Wednesday, May 21, 2014

Feeding and Following - Signs You Love Jesus

Do you love Jesus? Of course you do! But do you really? How can you tell? 

We love lots of things. I love ice-cream. I love the Ford Mustang. I love the Galaxy S4. So adding Jesus to such a list seems like a no brainer. Of course I love Jesus. But what do I mean? That I like Him? That I enjoy Him? 

Love is more than a confession. A man who beats his wife may express words of "love" when the morning comes. But does he really "love" her? Love that can only be stated but not seen isn't real love at all. Love means affection, fondness, and preference (See 1 Corinthians 13 for a full definition). And our choices will reveal what we have affection for, what we are fond of, and what we prefer.

So, do you love Jesus? You can tell by whether you do what he says to do. If his commands guide you. If finding yourself in disobedience grieves you. If His words motivate you to action. Then confessional love becomes visible and tangible.

Jesus teaches Peter exactly this lesson on the shores of the Sea of Tiberias after His resurrection. After a night of fruitless fishing, the disciples find the risen Lord waiting for them on the shore. They catch 153 of fish at Jesus' command. Peter jumps ship as he rushes to see his master.

After enjoying a meal together, Jesus asks Peter a question, "Simon, son of Jonah, do you love Me more than these?" Peter replies in the affirmative, to which Jesus commands, "Feed My lambs." The formula is repeated no less than three times. Jesus and Peter use variations of the words "love" (agapao, phileo), "feed/tend", and even different "sheep/lambs." No doubt there are some subtle nuances to these words - but step away from the lexicon for a second.

Do you love me? Serve others.
Do you love me? Serve others.
Do you love me? Serve others.

Three times, Jesus drives this home. I am of the opinion, that he is referring to the fish when he asks, "more than these." Peter was at a crossroads. He had been on an amazing spiritual journey. He had witness amazing things. And now, things were about to get real normal, real fast. The Lord would soon ascend. Persecution would become great. And Peter would have to choose a route. He could fish... or he could feed. And his choice would be the revelation of his love toward Jesus.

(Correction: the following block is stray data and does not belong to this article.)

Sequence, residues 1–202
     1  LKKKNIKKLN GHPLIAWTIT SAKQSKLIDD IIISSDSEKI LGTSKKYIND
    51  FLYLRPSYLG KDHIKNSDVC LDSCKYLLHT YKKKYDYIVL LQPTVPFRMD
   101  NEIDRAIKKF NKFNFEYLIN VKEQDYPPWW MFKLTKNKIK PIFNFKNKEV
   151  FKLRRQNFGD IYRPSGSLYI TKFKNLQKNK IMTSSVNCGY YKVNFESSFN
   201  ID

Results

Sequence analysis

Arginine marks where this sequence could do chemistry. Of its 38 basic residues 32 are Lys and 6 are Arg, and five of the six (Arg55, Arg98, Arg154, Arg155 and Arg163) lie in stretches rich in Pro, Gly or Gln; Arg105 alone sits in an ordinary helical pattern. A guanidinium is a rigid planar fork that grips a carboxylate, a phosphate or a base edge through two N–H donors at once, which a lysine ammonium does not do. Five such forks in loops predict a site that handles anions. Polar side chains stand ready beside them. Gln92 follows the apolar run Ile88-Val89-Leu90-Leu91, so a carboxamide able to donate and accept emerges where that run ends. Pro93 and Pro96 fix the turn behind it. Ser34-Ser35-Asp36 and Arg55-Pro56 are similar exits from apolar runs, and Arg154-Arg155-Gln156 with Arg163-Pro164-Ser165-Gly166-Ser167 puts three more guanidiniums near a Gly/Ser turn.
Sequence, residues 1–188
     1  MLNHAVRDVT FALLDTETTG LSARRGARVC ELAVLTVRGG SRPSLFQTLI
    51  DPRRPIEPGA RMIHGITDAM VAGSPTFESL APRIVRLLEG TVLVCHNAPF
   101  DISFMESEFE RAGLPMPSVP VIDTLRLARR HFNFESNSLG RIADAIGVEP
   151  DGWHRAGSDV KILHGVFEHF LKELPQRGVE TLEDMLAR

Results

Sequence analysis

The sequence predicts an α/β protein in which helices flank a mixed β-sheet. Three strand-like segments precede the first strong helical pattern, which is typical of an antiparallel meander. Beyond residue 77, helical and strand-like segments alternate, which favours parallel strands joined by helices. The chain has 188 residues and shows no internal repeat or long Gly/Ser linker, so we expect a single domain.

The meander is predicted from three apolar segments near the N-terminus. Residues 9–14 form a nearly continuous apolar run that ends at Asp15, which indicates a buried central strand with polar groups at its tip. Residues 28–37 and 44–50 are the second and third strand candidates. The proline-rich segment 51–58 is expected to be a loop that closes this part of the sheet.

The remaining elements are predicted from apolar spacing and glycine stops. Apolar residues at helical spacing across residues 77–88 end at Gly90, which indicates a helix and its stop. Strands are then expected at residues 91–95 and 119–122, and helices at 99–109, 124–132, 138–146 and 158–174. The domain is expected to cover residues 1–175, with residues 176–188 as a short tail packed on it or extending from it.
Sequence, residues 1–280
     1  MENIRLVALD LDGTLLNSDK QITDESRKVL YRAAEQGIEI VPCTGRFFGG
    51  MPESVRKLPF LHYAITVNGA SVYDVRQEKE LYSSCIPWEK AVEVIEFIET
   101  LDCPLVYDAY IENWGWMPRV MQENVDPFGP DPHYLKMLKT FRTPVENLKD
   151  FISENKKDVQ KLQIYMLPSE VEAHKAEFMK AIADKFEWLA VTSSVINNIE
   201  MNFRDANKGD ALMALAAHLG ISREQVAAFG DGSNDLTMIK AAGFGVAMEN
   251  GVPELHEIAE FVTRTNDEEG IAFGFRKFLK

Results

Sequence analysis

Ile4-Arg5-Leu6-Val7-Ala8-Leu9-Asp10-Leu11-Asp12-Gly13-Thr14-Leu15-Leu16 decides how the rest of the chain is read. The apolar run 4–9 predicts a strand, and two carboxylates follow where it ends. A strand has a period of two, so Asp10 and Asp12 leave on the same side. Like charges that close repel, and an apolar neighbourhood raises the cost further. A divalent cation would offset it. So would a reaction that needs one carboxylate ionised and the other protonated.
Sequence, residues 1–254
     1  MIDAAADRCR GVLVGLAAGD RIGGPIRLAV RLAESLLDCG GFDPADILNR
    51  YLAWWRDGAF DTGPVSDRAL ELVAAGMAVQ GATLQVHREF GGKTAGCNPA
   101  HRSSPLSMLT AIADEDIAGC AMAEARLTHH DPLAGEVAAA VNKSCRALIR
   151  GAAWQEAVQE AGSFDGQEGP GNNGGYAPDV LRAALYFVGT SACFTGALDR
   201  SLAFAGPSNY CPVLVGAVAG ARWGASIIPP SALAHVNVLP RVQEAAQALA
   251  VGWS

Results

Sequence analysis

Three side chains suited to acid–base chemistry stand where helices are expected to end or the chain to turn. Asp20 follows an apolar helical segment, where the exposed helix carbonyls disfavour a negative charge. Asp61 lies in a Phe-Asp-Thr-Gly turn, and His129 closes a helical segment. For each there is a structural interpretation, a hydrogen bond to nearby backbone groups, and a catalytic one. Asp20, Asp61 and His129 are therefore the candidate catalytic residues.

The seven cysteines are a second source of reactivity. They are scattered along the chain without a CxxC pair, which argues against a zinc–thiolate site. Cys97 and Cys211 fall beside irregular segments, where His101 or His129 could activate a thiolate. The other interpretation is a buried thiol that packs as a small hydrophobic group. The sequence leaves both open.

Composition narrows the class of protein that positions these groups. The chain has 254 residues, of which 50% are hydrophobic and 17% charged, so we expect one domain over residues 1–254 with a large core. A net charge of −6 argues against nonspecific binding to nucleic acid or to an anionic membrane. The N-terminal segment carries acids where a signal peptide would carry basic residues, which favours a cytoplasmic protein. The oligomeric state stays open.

Simple application. If you love Jesus, it will be visible in your service to others. In fact, we can be a little more concrete. If you love Jesus, it will be evident in your service to his church. "My sheep," right? "My lambs." The old argument of "I love the Lord, but I can't stand His people," is not only wrong thinking, its an out and out lie. If we aren't looking to the needs of His people, then we aren't loving Jesus. Our mouth can say whatever it likes, but our actions betray us.

Jesus asked him three times. It appears that the third question reminded Peter of his previous denial. It hurt. Peter testifies - he's more of a feeder than a fisher - and appeals to the omniscience of Christ. The Lord who knew everything, surely knew the depths of Peter's soul. So Jesus give Peter a personal glimpse into the future. He would grow old, and then he would be killed. Executed, likely by crucifixion, "another will gird" him, and carry him, "where you do not wish." At the possibility of death, Peter had ultimately fled at Jesus' arrest. Now, it is certain. He will die in a horrible fashion. The very Lord that he just testified to "know all things," had told him so.